Mirror of Justice

A blog dedicated to the development of Catholic legal theory.
Affiliated with the Program on Church, State & Society at Notre Dame Law School.

Monday, August 11, 2008

California homeschooling decision

On Friday August 8, 2008, the California Court of Appeals issued its decision in the home-schooling case. Here. The court removed the cloud over home-schooling by interpreting California law to permit home-schooling as a form of private school education. The court also made it clear that the decision of parents to home-school could be overridden (without violating the Constitution) to protect the safety of the children involved.

The decision seems a laudable effort to resolve, at least temporarily, the crisis in California that the earlier decison had threatened. Although I'd like to think about this a bit more, the constitutional discussion also seems sound, despite a few statements in the opinion that give a bit too much deference to state power. Even the strongest advocates of parental rights agree that the state may step in to protect the health and safety of children. Here, the parents who were carrying the banner of parental rights had been found, according to the published opinions, guilty of physical abuse and of a failure to protect one of the children from sexual abuse. The court of appeals ended up remanding the case and asked the lower court to consider whether the safety of the children required removing them from home schooling.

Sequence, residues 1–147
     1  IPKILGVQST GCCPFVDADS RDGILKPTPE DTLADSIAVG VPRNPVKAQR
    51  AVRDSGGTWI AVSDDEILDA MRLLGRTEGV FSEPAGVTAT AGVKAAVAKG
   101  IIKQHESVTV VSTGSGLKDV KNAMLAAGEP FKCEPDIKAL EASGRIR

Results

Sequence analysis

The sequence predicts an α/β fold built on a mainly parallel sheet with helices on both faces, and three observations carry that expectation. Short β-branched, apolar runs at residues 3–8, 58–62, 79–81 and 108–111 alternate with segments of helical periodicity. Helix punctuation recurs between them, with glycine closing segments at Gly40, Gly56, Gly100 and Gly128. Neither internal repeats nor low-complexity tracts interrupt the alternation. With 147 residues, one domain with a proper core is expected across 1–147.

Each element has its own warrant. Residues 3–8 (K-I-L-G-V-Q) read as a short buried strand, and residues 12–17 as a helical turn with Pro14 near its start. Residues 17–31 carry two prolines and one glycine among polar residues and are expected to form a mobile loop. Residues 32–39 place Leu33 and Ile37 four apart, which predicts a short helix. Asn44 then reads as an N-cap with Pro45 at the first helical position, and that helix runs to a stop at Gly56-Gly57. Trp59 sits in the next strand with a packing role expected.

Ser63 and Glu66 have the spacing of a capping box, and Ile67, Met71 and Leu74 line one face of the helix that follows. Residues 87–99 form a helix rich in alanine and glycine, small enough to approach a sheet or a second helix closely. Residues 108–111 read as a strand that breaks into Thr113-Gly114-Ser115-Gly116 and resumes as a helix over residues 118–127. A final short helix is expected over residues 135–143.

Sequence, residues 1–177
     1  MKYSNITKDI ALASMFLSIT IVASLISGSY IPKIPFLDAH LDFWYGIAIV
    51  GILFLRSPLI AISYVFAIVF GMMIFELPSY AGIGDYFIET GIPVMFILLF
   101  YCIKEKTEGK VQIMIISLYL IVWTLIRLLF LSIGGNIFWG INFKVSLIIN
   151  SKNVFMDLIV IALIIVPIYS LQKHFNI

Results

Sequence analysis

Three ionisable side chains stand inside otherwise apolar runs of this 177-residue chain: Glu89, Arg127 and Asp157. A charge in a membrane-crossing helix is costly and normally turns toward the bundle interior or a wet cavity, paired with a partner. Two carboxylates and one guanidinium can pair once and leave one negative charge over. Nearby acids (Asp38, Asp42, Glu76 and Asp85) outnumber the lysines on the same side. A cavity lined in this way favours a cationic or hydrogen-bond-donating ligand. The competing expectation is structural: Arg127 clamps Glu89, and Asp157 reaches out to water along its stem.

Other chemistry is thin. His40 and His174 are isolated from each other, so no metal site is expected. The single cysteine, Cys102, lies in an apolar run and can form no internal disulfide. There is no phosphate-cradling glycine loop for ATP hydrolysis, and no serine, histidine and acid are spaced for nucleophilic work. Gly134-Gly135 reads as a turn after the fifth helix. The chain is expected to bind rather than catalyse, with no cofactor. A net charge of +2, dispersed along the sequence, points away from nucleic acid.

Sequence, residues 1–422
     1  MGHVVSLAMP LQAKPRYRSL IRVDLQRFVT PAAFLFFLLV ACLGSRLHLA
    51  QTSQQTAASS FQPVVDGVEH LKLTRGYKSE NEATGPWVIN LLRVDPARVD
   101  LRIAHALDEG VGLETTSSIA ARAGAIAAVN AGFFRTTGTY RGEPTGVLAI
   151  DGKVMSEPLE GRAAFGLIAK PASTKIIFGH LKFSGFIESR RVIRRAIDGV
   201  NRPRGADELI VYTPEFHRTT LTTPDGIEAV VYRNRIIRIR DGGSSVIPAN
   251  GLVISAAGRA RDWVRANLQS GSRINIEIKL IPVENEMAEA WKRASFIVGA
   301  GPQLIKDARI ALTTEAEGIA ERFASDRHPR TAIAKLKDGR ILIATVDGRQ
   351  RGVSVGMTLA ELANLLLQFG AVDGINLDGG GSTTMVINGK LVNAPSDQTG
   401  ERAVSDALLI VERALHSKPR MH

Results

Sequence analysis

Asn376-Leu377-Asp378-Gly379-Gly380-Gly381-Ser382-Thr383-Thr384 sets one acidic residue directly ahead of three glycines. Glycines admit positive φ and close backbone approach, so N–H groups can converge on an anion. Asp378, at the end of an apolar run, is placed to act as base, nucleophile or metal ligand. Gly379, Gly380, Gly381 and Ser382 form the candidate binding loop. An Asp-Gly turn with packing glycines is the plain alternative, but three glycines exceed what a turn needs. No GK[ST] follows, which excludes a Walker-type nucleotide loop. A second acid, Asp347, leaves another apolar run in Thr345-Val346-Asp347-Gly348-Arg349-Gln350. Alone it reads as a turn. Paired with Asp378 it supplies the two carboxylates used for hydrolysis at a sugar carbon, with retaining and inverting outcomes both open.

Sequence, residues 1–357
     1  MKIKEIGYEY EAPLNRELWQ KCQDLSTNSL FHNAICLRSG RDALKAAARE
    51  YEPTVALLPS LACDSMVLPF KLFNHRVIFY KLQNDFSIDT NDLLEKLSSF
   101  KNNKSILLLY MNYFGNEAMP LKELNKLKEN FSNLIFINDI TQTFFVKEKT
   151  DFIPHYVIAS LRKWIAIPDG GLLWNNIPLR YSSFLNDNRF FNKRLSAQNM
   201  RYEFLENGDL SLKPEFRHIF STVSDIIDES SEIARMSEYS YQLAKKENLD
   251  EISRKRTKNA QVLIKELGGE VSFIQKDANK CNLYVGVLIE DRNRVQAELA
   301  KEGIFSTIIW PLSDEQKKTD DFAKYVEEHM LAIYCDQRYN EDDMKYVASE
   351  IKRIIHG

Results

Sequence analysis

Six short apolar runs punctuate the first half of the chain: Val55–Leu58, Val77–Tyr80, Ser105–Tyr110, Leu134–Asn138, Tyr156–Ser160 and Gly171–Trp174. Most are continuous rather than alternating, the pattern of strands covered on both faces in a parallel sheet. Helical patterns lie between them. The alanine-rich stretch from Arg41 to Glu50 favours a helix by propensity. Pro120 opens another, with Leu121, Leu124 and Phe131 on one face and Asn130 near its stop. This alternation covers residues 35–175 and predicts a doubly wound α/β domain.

Richard M.


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